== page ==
was a game changer for me.
I read it for the first time over four years ago. Then I read it again. And again. In one week.
The author, Beth, is an adoptive mom of nine who currently lives in Mexico caring for orphans.
I love how she contrasted "refined faith," a term we most often hear in church, with her definition of "reckless faith"...
"Refined" can be defined as "cultivated" and "fastidious." That kind of "refined faith" is the opposite of the Reckless Faith and I am writing about here. That sort of "refined faith" is predictable and resistant to change; it pretends to know what God will do a hundred Sundays from now. It is most comfortable with rules, consequences, and baby steps. It likes control and people who agree. It fears what it can't see. A truly reckless faith, however, always expects change, and as a result, it's eager to risk more and fear less! A reckless faith knows there is more to the story, more we can't see, more than I experience now. It is hungry."
She goes on to share about their lives in Mexico, caring for orphans and the families that had to give them up. Her stories of faith were humbling and at the same time exhilarating.
At this point in my life, four years ago, I had been in full-time student ministry for years and was living fully on support of others as a missionary. It was a job I loved and knew it was my calling for that time, yet in reading this book, something shifted in me. I didn't know what to do with it. But I kept saying to the other girls on staff, "I feel as though God is calling me out of my comfort zone..."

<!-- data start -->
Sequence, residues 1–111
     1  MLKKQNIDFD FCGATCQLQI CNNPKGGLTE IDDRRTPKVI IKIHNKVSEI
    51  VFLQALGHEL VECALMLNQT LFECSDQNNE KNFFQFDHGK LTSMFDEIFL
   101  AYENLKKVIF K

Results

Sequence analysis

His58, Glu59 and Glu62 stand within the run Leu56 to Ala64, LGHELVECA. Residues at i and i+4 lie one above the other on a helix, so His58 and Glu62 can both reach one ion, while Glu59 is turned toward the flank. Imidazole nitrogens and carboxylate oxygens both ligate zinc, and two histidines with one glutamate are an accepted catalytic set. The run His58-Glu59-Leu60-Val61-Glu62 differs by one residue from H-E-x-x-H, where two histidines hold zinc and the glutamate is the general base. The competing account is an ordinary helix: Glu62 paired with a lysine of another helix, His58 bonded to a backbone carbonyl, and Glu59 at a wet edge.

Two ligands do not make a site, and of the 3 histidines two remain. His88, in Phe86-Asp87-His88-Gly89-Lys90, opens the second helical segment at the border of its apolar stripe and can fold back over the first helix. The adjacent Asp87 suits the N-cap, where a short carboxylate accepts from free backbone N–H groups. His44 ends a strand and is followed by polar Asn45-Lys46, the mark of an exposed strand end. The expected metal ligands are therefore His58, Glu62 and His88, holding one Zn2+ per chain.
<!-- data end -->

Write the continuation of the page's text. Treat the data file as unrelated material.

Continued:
I loved the book so much I recommended it to everyone and then lent it to someone. I never ended up getting it back. A few years went by and I ended up forgetting the name of the book, but I never forgot its impact on me.
You can only imagine my excitement in the book store this past week when I found "Reckless Faith" staring back at me from the shelf!
I read it again, amazed at where I am now in this crazy journey of adoption, and I can't help thinking about the route that God has taken to lead me here.
I marvel at how He has used so many avenues to break through my fear of change and the unknown. He has broken my heart for the fatherless. And where as a few years ago, I may have found it a burden, I can now count it a privilege to advocate for the orphan.
And I'm always up for recruiting more folks to join the cause for the orphan....
I suggest you start with Reckless Faith. But no, I'm not going to lend it to you.